InDaily InDaily

Support independent Journalism Donate Subscribe
Support independent journalism


Australia won't fly into chaos and despair of Kabul airport


Defence Minister Peter Dutton says Australia won’t send planes to the Afghanistan capital’s airport to retrieve citizens while it’s engulfed by people desperately attempting to flee the Taliban.

Print article

Videos have emerged of people swarming Kabul’s airport to try and get on military evacuation flights after the Taliban entered the Afghanistan capital and declared and to the 20-year war.

Footage has shown people clinging to planes taking off, with some reportedly falling to their deaths.

Afghans attempt to climb aboard a US Air Force plane departing Kabul airport. Image supplied AAP, verified UGC via AP

US Embassy staff evacuated by helicopter to the airport as the Taliban entered the city, as residents rushed to escape.

Dutton has authorised plans for troops and equipment to help evacuate Australian citizens still in Afghanistan.

“We won’t be landing into Kabul in these circumstances and obviously we’ve got a base close by which is safe and secure in the UAE,” he said.

“That’s where we’ll stage from, but we’ll work with the Americans and others including the Turks et cetera to make a very difficult, tragic situation the best it could be.”

More than 250 Australian defence personnel will be deployed to support three RAAF aircraft to evacuate citizens and visa holders under a US-led operation.

The government will help citizens working with NGOs, contractors and dual nationals, who had stayed since Australia shut its embassy in May.

“We’ll provide assistance to withdraw them and that will take some time,” Dutton said, adding that he had no argument with how the US handled the withdrawal.”

“As President Biden pointed out, if people aren’t prepared to fight their own country, it is very hard for the US to fight for it. They’re either damned if they’re in place and they’re damned if they withdraw,” he said.

“We would have, I think, suffered multiple terrorist attacks of a significant scale had we not gone into Afghanistan 20 years ago. It was always going to be a difficult departure.”

Dutton said the surprising factor was the rate at which the country was overtaken by the Taliban after the US decision to withdraw from a war which had cost it more than $US1 trillion ($A1.4 trillion).

In a televised address on Monday afternoon, US President Joe Biden said he did not regret his decision, insisting he had had to decide between asking US forces to fight endlessly in what he called Afghanistan’s civil war or follow through on an agreement to depart negotiated by Republican former president Donald Trump.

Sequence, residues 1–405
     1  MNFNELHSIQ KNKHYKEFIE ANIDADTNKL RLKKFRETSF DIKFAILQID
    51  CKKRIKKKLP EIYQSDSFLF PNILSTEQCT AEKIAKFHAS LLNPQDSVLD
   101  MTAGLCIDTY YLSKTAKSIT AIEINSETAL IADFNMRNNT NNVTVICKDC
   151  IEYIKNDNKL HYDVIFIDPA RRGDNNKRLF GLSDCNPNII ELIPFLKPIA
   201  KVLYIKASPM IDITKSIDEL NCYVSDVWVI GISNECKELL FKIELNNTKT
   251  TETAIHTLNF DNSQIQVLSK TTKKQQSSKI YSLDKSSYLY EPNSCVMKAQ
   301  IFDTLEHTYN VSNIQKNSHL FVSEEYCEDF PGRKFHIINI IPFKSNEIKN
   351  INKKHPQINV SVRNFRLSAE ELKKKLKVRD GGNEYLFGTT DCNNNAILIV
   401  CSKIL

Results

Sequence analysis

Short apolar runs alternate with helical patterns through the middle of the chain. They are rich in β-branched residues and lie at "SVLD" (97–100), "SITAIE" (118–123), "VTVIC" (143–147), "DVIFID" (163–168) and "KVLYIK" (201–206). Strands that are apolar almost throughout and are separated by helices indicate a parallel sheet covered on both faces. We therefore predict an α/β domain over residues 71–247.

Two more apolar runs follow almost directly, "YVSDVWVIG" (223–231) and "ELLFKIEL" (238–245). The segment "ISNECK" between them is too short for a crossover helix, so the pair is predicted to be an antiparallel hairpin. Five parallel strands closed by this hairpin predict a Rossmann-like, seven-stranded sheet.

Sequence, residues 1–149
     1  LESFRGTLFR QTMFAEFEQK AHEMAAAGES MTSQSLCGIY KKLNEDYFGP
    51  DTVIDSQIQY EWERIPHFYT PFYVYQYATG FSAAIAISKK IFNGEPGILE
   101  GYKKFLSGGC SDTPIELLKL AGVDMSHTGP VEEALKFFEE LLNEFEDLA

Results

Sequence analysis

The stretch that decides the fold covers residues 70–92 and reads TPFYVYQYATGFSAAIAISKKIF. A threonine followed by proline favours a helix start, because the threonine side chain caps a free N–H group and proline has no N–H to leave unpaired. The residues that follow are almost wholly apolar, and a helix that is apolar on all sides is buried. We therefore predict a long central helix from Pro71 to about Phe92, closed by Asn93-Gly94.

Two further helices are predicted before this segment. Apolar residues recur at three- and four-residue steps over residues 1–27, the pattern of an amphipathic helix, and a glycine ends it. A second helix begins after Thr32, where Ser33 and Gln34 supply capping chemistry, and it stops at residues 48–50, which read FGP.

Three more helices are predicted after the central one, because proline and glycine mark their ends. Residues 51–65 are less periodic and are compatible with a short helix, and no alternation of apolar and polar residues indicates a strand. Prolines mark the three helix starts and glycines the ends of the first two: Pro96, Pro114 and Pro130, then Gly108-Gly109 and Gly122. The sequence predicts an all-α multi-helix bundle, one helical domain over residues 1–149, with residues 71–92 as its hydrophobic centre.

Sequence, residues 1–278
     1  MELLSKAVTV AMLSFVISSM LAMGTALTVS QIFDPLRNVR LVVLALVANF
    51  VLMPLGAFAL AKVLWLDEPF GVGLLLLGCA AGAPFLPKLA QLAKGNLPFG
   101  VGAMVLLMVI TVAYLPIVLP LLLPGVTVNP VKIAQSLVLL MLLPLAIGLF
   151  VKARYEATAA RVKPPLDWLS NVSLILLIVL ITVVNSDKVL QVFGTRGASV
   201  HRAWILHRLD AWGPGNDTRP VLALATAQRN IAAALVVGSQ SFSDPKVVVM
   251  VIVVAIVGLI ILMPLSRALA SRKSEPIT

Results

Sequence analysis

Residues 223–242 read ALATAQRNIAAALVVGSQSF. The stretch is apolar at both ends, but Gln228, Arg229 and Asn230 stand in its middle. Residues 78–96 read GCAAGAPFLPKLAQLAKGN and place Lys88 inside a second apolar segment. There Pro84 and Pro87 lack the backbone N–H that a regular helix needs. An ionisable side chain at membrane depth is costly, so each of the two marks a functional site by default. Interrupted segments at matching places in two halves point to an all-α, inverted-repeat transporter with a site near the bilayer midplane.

“I know my decision will be criticised but I would rather take all that criticism than pass this decision on to another president of the United States,” Biden said.

The Democrat has faced a barrage of criticism, from even his own diplomats, over his handling of the US exit, pulling out troops and then sending back thousands to help with the evacuation.

“Afghanistan is lost … every terrorist around the world is cheering,” Republican Senate Minority Leader Mitch McConnell told reporters.

Ben Wallace, defence secretary of usually staunch US ally Britain, said the 2020 Doha withdrawal accord struck with the Taliban by Trump was a “rotten deal”.

Dutton said that allied troops who served in Afghanistan should be proud of their service. ADF personnel were sent to the country in 2001 as part of a US-led Coalition. More than 40 Australian soldiers died in the conflict.

“You could stay in Afghanistan for another 20 years, another 100 years and you may or may not see peace,” he said.

Foreign Affairs Minister Marise Payne said Afghan people in Australia on temporary visas would be supported and none made to return to their home country for now.

Labor’s foreign affairs spokeswoman Penny Wong criticised the government’s efforts as too little, too late.

“We have both Australian citizens, but importantly, people who have helped us, who have not yet been able to have their visas considered, who are still in Afghanistan, who are still in Kabul,” she said.

“That is something that has been on the cards for a long time

“Our national interest is in ensuring those who helped us are helped.”

Since April, 430 Afghan employees, as well as their families, have been brought to Australia.

More are expected to be evacuated in coming weeks.

The US has sent about 3000 extra troops to evacuate embassy staff and others as the capital fell.

The UK is also deploying troops to help British nationals and local translators flee.

Prime Minister Scott Morrison met with national security ministers on Monday to discuss the next steps.

“As in any crisis situation, the Australian government’s priority is to ensure the safety of its citizens,” Morrison said in a statement.

“We have over 130 Australians in Afghanistan, working in the UN, non-government organisations, and elsewhere, and we are working to bring them and their families home.

“We are also assisting those who have been granted humanitarian visas, and others who are in the process of applying for protection.

“Those preparing to leave the country must be able to do so without threat or hindrance. We will continue to work with key partners in the days ahead to enable this safe passage.”

Make a comment View comment guidelines

Local News Matters

Media diversity is under threat in Australia – nowhere more so than in South Australia. The state needs more than one voice to guide it forward and you can help with a donation of any size to InDaily. Your contribution goes directly to helping our journalists uncover the facts. Please click below to help InDaily continue to uncover the facts.

Donate today
Powered by PressPatron

More News stories

Loading next article